Latin American Revolutionaries and the Arab World

From the Suez Canal to the Arab Spring

Author: Federico Vélez

Publisher: Routledge

ISBN: 1134804601

Category: Political Science

Page: 204

View: 7025

Recounting recent encounters between Latin American and Arab countries this unique volume explores how, despite both geographical and cultural distances, Latin American revolutionaries constructed an image of the Arab World as one sharing their own political views and interests. From the nationalization of the Suez Canal to Latin American perspectives on the Arab Spring Federico Vélez offers a fascinating historical and contemporary analysis on the behaviour of actors on the periphery of the international system. Contributing to debates regarding ideological and political autonomy the book provides a comprehensive historical account of relations between the countries of Latin America and the Middle East alongside new analysis on the ways marginalized states can sometimes build unlikely alliances in their attempts to challenge structures of power.

Authoritarian Regimes in Latin America

Dictators, Despots, and Tyrants

Author: Paul H. Lewis

Publisher: Rowman & Littlefield

ISBN: 9780742537392

Category: Political Science

Page: 259

View: 4617

This thoughtful text describes how Latin America's authoritarian culture has been and continues to be reflected in a variety of governments, from the near-anarchy of the early regional bosses (caudillos), to all-powerful personalistic dictators or oligarchic machines, to contemporary mass-movement regimes like Castro's Cuba or Peron's Argentina. Taking a student-friendly chronological approach, Paul Lewis also analyzes how the internal dynamics of each historical phase of the region's development led to the next. He describes how dominant ideologies of the period were used to shape, and justify, each regime's power structure. Balanced yet cautious about the future of democracy in the region, this accessible book will be invaluable for courses on contemporary Latin America.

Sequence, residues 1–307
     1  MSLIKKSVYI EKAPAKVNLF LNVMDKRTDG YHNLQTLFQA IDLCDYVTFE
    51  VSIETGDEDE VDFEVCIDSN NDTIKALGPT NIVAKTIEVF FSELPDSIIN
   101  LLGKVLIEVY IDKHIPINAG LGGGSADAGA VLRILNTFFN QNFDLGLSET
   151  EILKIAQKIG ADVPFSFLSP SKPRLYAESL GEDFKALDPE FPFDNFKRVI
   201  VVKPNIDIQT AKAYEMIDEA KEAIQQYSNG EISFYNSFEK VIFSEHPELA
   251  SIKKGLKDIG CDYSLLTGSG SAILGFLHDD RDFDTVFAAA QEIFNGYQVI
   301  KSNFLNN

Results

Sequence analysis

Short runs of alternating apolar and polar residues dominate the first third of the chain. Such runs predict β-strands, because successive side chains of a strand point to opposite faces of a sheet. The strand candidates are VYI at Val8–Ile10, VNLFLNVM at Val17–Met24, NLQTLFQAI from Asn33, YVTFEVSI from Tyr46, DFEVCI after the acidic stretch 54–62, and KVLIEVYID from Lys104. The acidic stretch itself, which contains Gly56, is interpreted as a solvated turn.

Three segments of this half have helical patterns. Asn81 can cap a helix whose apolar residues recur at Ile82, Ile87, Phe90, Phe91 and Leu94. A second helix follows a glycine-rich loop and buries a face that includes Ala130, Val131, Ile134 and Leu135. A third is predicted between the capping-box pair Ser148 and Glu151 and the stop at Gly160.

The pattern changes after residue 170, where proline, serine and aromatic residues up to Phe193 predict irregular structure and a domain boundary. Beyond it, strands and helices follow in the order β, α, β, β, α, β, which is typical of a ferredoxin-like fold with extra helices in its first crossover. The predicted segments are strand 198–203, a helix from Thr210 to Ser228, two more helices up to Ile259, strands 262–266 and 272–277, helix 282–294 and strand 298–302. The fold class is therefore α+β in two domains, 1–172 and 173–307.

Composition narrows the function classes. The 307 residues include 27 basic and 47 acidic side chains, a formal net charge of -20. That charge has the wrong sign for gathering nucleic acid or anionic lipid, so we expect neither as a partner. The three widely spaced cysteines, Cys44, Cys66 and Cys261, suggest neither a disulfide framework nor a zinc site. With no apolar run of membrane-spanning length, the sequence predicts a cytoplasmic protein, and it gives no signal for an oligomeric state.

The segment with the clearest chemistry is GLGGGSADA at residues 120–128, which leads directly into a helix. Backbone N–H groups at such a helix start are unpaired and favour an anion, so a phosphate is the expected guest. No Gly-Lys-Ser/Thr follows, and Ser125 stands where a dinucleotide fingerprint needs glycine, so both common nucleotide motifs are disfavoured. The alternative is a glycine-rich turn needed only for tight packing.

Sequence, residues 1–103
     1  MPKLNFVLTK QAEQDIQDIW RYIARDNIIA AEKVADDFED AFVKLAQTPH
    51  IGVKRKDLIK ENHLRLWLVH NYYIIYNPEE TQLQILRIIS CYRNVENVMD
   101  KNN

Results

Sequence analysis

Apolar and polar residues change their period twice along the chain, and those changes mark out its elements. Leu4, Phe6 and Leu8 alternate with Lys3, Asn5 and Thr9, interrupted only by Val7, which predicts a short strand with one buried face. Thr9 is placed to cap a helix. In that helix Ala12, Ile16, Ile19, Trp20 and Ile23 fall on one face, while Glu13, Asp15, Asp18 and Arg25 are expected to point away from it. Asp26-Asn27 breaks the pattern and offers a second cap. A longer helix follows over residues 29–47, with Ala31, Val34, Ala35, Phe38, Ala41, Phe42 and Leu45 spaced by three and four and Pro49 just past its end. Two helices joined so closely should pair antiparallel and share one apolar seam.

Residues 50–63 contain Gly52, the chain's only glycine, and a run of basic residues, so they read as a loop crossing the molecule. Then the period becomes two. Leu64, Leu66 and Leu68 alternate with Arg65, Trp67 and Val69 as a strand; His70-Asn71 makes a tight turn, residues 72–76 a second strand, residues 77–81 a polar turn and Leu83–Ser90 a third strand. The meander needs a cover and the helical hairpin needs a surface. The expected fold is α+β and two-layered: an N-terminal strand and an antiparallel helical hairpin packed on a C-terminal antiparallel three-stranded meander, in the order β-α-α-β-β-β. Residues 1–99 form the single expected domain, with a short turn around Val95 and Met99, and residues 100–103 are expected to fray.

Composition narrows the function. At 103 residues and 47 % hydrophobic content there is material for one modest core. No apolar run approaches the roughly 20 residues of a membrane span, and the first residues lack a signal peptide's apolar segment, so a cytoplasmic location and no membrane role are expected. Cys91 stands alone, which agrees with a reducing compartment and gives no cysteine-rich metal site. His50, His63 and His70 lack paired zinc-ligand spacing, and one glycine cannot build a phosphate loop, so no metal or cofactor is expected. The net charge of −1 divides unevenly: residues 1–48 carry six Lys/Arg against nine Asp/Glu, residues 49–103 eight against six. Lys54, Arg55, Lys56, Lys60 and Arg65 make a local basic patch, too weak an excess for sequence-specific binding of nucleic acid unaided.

Twentieth-Century Latin American Revolutions

Author: Marc Becker

Publisher: Rowman & Littlefield

ISBN: 1442265884

Category: History

Page: 272

View: 9748

Revolutions are a commonly studied but only vaguely understood historical phenomenon. This clear and concise text extends our understanding with a critical narrative analysis of key case studies: the 1910–1920 Mexican Revolution; the 1944–1954 Guatemalan Spring; the 1952–1964 MNR-led revolution in Bolivia; the Cuban Revolution that triumphed in 1959; the 1970–1973 Chilean path to socialism; the leftist Sandinistas in Nicaragua in power from 1979–1990; failed guerrilla movements in Colombia, El Salvador, and Peru; and the Bolivarian Revolution in Venezuela after Hugo Chávez’s election in 1998. Historian Marc Becker opens with a theoretical introduction to revolutionary movements, including a definition of what “revolution” means and an examination of factors necessary for a revolution to succeed. He analyzes revolutions through the lens of those who participated and explores the sociopolitical conditions that led to a revolutionary situation, the differing responses to those conditions, and the outcomes of those political changes. Each case study provides an interpretive explanation of the historical context in which each movement emerged, its main goals and achievements, its shortcomings, its outcome, and its legacy. The book concludes with an analysis of how elected leftist governments in the twenty-first century continue to struggle with issues that revolutionaries confronted throughout the twentieth century.